From this point, the whole thing blew up into a media storm. Council and all the various local protagonists had to work through the issues under the un-relenting glare of national and international media coverage. In all this, those who wanted to see migration restricted attempted but failed to take advantage of the situation. Later, when the glare had gone away, it became clear that an over-stretched Immigration Department was indeed struggling to provide the required support.
The first point about the Tamworth case is that it shows just how sensitive and divisive migration issues can become.
Accepting that it became a cause célèbre because of the initial stance adopted by the national media, it still showed some of the sensitivities within the Australian community. To the degree that the Government has formed a view that those sensitivities are now of sufficient level to warrant action, then a general reaffirmation of principles may be required even though it remains clear that there is not a problem so far as the mass of the migrant intake is concerned.
The second point about the Tamworth case is that it demonstrates the need to consider the relationship, the nexus, between general statements and particular cases. If migrants as a whole do not seem to be experiencing particular problems, this is not the case for Sudanese refugees where problems of war trauma and limited education are significant.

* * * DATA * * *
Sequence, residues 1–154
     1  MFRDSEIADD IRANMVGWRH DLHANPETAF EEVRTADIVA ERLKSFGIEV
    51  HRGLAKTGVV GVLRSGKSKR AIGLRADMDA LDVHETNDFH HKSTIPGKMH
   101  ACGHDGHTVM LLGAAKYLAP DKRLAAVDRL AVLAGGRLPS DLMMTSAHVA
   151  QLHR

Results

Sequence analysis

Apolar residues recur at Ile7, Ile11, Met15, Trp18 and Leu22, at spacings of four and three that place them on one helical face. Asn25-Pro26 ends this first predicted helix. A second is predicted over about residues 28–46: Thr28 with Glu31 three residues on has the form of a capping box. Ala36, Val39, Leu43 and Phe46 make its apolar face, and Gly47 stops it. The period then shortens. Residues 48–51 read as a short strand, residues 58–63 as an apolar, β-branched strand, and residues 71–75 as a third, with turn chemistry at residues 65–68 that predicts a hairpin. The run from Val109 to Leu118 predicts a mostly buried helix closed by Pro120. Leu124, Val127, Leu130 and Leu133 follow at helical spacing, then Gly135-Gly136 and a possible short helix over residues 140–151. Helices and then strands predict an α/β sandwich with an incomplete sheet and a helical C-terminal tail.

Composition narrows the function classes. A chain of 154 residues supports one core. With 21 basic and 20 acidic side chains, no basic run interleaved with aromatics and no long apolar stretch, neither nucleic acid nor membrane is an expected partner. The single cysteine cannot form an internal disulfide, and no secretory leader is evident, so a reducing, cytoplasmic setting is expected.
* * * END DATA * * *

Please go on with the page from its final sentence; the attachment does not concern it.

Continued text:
Earlier I said in the context of the discussion on the new multicultural policy, I realised that I actually had no idea what I was talking about. The point is that I was talking at a general level. It was only after I dropped to look at detail that I realised just how difficult generalised statements were. In fact, we have a generalised policy statement that actually appears to be trying to address very specific concerns. Further, if the Tamworth case is any guide, we may well not have in place the very specific targeted measures required to make the policy really effective.
I would argue that we need a lot more thought not on the generalities of multicultural or multiculturalism, but on the specific underpinnings required to make it work now and in the future.